And it's well known that single people volunteer at higher levels in almost every category, from arts to social service organizations, hospitals to environmental groups. The idea of the lonely, sad single person who spends evenings alone is shaping up to be mostly a myth.
Going solo also has benefits to the self, not just the community: DePaulo points to studies that show having a more diversified community of friends and acquaintances, which is more common in single people than coupled, leads to better mental-health outcomes. Obviously, some married people are plenty social, but it's also easy for them to fall into a rut where they only hang out with each other — and as we all know, no one person can help you figure out all the issues you might have in your life; different friends can help you with different problems.
All that time without the distraction of a partner can have some other profoundly personal positives. "Studies have shown that people who stay single develop more confidence in their own opinions and undergo more personal growth and development than people who marry. For example, they value meaningful work more than married people do," writes DePaulo.
There's no 'right' answer
Of course, all of the data above isn't to argue that being single is "better." That would be just as problematic as past conventions suggesting marriage is the ideal state for all people. Because no one way to live is best for everyone — the important thing is to find out what's right for you and create a positive life around that, whether that's marriage and kids, single parenting, married without kids, foster parenting, serial monogamy, or singledom. And it may be that single is best for you at one time of life, while married is best at another. There is no "right" answer for everyone.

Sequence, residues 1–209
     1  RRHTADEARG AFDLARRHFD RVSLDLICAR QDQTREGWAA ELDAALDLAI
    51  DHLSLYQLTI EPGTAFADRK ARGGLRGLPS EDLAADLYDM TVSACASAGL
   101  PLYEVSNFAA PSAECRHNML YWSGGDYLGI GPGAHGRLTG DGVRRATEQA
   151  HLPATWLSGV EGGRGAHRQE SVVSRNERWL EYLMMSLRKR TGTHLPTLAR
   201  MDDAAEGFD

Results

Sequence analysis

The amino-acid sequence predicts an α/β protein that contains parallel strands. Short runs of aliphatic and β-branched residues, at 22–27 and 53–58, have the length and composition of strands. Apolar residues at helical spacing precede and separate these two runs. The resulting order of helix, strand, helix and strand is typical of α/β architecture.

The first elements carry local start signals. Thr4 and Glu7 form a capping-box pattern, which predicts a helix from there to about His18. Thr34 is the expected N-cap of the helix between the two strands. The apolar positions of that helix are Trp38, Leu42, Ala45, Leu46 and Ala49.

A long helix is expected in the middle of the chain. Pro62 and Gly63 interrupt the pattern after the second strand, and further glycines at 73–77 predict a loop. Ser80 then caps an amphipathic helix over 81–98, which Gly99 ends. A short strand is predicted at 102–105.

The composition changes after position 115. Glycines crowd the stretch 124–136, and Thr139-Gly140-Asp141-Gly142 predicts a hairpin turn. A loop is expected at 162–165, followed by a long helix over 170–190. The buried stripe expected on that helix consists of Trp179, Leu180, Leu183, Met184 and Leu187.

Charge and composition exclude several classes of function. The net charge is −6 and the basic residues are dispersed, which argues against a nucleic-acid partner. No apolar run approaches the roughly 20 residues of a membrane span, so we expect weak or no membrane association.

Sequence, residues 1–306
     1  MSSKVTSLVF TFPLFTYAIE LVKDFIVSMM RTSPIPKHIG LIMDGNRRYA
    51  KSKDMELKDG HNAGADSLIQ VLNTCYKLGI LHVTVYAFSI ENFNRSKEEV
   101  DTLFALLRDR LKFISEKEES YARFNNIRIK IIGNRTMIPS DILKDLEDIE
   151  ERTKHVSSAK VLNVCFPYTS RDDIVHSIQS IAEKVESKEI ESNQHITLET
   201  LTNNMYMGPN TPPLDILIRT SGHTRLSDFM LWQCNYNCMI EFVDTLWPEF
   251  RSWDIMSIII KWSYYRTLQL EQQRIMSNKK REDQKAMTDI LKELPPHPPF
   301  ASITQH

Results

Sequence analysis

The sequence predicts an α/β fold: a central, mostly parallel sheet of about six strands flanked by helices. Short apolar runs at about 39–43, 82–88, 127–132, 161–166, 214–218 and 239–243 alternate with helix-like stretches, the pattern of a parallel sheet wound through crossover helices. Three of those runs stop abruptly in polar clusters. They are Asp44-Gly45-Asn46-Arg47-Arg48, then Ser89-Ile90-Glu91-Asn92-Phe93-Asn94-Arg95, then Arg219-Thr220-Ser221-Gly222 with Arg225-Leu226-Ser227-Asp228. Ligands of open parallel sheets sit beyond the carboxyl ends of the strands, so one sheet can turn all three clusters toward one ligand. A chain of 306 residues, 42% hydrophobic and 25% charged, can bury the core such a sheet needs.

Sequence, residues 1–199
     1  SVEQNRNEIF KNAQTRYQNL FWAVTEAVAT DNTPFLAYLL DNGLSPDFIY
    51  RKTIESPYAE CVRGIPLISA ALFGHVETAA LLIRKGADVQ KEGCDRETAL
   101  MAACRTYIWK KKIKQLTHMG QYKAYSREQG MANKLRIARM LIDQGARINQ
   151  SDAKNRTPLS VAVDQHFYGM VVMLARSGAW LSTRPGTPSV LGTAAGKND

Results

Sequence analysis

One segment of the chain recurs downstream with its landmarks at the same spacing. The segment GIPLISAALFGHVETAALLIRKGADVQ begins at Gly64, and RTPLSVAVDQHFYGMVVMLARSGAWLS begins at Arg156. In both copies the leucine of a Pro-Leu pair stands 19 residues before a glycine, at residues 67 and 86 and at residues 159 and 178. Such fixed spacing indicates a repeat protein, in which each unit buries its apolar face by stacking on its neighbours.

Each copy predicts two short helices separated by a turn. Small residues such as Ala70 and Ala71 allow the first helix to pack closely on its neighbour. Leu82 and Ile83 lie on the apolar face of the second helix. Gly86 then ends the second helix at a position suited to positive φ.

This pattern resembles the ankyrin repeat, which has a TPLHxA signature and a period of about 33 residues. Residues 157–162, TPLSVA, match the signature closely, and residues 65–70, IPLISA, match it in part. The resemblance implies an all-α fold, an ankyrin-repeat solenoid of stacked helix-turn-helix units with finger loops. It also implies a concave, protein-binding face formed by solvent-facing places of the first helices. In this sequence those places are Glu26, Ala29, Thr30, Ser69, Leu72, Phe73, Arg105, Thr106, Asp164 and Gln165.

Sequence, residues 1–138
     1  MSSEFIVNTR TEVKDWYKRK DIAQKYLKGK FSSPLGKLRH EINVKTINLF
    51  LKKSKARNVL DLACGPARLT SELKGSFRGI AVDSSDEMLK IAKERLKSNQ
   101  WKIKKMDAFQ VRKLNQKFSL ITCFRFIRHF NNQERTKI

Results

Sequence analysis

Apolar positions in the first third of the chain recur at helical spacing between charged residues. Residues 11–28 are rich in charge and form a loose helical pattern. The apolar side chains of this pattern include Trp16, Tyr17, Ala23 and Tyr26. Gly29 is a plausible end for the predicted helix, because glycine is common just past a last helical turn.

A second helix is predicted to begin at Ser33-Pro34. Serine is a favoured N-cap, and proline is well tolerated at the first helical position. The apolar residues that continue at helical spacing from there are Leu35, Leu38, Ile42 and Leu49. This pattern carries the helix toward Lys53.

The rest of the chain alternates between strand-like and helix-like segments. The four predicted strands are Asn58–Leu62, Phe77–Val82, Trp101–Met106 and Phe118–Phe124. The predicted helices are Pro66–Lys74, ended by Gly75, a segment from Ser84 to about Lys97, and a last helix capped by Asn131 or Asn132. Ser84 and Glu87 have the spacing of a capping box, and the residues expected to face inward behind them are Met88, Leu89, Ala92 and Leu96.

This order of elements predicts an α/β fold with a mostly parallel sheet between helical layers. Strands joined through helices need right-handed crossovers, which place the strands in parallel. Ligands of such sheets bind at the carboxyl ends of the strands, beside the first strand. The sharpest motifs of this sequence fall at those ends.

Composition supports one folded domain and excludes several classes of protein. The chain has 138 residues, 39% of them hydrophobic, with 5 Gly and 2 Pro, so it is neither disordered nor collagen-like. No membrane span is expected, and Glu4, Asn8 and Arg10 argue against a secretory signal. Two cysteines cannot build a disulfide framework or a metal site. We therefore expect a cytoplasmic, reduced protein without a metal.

Suggesting there's only one path for all has always led to significant problems, because many people attempt to fit their personalities into a life that doesn't suit them, as during the 1950s and '60s when married with kids in the suburbs was the prescription for happiness — for everyone. People who lost spouses or divorced faced and uphill battle for social acceptance.
My own grandmother, a divorced single mom to two boys in the '50s, told me stories about how cruel people were to her — some treated her as a pariah since she was divorced — and how that even affected who her kids were allowed to play with. The truth is that my grandmother was a wonderful parent, a committed and involved member of her community, and was also happiest and most fulfilled as a single woman, but she felt she had to keep trying at relationships because it was "expected."
"If current trends continue, successive generations will have unprecedented opportunities to pursue the life that suits them best, rather than the one that is prescribed," writes DePaulo. I only wish that my grandmother had been able to.
Now, we get to make the best choices for ourselves — single or not — and that's something to celebrate.